Moreover, they note that effective conservation of AZE sites is essential in order to achieve Target 12 (“By 2020 the extinction of known threatened species has been prevented and their conservation status, particularly of those most in decline, has been improved and sustained”), since loss of any of these sites would certainly result in the global extinction of at least one species.
The researchers contend that averting human-induced species extinctions within AZE sites requires enhanced planning in order to increase the likelihood of success. In their paper, the scientists assess potential for ensuring long-term conservation of AZE vertebrate species (including 157 mammals, 165 birds, 17 reptiles and 502 amphibians) by calculating a conservation opportunity index (COI) for each species that encompasses a set of measurable indicators that quantify the odds of achieving successful conservation of a species in its natural habitat (COIh) and by establishing insurance populations in zoos (COIc).
They have computed cost of and opportunity for, conserving 841 species of mammals, reptiles, birds and amphibians listed by the AZE (http://www.zeroextinction.org) now restricted to single sites and classified as Endangered or Critically Endangered. The estimated total cost of the proposed species rescue program would be $1.3 billion annually to safeguard all 841 species, which the scientists consider a “bargain basement” price, noting that from that total, just over $1.1 billion per year would go towards conserving the species in their natural habitats with the remainder going for complementary species management in zoos.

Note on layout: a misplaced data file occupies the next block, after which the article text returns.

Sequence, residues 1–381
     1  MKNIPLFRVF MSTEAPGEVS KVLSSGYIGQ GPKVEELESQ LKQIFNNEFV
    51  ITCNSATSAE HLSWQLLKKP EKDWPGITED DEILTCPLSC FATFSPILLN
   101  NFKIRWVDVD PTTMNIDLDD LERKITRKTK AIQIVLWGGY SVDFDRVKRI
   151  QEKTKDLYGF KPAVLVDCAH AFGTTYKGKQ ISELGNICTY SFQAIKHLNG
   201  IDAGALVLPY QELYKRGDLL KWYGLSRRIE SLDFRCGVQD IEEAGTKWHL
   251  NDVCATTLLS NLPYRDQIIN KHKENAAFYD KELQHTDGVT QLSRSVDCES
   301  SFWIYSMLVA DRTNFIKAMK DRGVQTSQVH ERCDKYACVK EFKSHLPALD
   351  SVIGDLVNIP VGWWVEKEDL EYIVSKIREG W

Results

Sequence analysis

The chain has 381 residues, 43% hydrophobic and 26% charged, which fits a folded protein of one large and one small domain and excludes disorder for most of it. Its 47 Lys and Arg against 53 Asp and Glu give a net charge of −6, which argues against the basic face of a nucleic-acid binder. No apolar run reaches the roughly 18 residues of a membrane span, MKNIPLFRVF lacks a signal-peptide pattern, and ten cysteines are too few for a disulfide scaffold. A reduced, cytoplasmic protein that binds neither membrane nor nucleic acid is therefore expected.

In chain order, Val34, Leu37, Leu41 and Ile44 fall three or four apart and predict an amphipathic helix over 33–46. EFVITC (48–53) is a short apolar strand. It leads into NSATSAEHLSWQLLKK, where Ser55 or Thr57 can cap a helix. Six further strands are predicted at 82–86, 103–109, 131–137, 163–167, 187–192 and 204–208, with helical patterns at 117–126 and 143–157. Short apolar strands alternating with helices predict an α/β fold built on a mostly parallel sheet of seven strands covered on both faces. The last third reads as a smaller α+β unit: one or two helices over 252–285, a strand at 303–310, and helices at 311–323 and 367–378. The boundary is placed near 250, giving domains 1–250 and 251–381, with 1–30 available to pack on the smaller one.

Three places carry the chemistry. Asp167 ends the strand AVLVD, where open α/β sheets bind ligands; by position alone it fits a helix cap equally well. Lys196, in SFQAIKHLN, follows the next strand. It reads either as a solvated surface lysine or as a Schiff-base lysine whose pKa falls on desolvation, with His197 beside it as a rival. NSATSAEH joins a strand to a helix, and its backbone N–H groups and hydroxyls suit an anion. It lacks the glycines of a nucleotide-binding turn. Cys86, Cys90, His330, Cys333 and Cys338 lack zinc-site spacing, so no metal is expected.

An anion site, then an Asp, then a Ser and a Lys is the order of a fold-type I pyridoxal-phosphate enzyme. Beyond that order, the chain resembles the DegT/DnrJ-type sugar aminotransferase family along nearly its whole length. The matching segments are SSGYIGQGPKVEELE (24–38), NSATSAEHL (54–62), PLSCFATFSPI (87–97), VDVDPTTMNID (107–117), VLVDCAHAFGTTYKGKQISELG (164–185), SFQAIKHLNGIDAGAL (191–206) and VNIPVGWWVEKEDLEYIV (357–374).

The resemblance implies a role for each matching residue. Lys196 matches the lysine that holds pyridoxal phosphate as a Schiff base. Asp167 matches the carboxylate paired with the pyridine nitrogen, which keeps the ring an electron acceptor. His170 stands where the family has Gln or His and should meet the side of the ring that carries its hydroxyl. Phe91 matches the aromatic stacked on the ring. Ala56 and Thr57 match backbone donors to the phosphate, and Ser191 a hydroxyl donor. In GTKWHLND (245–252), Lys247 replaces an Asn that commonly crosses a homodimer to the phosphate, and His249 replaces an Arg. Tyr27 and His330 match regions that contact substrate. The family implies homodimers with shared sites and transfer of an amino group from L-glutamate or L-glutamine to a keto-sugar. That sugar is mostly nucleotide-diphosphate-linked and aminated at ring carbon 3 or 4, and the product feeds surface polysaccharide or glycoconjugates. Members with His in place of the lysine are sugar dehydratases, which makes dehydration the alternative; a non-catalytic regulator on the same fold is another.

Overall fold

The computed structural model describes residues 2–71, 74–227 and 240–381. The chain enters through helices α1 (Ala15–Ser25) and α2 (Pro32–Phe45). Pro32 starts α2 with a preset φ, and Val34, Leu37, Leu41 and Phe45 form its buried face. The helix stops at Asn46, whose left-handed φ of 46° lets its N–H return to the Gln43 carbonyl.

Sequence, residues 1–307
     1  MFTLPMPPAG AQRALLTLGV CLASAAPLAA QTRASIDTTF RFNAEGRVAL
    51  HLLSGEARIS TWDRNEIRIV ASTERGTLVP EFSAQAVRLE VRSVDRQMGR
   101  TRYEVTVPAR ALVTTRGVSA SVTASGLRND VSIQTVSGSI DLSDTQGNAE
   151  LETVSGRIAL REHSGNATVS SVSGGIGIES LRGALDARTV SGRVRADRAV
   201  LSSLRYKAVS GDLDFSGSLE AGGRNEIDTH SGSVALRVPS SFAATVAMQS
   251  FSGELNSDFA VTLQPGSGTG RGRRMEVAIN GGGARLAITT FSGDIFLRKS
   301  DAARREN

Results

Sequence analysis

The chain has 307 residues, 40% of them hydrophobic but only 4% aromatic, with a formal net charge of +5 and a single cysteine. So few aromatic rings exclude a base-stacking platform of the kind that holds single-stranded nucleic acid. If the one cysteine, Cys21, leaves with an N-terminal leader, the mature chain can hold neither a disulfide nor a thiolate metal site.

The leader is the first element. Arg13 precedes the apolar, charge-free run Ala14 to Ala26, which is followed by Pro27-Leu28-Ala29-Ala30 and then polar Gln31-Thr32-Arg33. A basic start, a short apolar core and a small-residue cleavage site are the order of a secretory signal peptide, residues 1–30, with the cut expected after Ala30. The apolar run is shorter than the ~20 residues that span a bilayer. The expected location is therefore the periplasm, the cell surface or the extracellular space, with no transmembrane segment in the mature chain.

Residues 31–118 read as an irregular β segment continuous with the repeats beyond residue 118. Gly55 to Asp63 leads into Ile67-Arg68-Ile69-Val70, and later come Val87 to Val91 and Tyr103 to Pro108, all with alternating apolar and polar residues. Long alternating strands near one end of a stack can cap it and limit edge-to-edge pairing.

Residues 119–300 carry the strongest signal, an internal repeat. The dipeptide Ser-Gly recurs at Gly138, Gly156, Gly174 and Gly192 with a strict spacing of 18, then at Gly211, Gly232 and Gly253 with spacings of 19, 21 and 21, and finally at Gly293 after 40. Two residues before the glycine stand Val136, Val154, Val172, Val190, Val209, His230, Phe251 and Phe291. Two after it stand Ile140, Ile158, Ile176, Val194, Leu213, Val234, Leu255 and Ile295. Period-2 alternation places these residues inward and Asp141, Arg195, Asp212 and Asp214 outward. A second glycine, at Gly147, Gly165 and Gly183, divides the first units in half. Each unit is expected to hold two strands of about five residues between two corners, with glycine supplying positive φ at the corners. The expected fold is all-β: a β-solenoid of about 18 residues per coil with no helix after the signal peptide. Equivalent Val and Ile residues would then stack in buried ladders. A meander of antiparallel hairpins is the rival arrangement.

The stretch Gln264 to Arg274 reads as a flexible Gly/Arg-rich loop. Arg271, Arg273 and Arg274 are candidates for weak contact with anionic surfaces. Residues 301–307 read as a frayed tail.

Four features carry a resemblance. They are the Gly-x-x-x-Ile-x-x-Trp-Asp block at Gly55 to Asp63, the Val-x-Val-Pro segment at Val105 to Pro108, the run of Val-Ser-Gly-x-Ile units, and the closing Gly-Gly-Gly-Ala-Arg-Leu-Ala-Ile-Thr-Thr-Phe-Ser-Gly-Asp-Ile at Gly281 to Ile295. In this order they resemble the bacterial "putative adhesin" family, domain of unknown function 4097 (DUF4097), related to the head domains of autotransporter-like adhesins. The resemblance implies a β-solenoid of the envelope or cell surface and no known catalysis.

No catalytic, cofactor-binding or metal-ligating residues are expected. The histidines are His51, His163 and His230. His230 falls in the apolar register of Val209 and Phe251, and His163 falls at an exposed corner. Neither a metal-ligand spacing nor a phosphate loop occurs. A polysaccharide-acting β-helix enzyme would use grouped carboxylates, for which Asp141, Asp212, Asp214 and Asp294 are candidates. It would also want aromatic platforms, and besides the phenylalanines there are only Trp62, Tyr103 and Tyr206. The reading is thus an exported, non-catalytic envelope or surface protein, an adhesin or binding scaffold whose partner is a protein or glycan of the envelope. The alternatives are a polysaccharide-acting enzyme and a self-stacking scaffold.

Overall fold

One of the Current Biology paper’s coauthors is Burak Guneralp, a Research Assistant Professor, in the Texas A&M University‘s Department of Geography. Prof Guneralp is cited in a Texas A&M Today release noting: “Habitat loss and fragmentation caused by human activities including expansion of urban areas is a major factor putting at risk many of the species in the AZE list. There are about 17,000 species that are now threatened with extinction, and there have been five mass extinctions including the one that killed the dinosaurs. Because of habitat loss and fragmentation, many scientists believe that we are now living during the sixth mass extinction period.”
University of Queensland Professor Hugh Possingham comments that “Although the cost seems high, safeguarding these species is essential if we want to reduce the extinction rate by 2020,” adding: “When compared to global government spending on other sectors (such as U.S. defense spending, which is more than 500 times greater), an investment in protecting high biodiversity value sites is minor.”
“AZE sites are arguably the most irreplaceable category of important biodiversity conservation sites,” says paper lead author assistant professor Dalia A. Conde of the Max-Planck Odense Center at the University of Southern Denmark, in the TAMU article. “Conservation opportunity evaluations like ours show the urgency of implementing management actions before it is too late. It is imperative to rationally determine actions for species that we found to have the lowest chances of successful habitat and zoo conservation actions”
The Alliance for Zero Extinction (AZE)
Texas A&M University
Convention on Biodiversity
Texas A&M University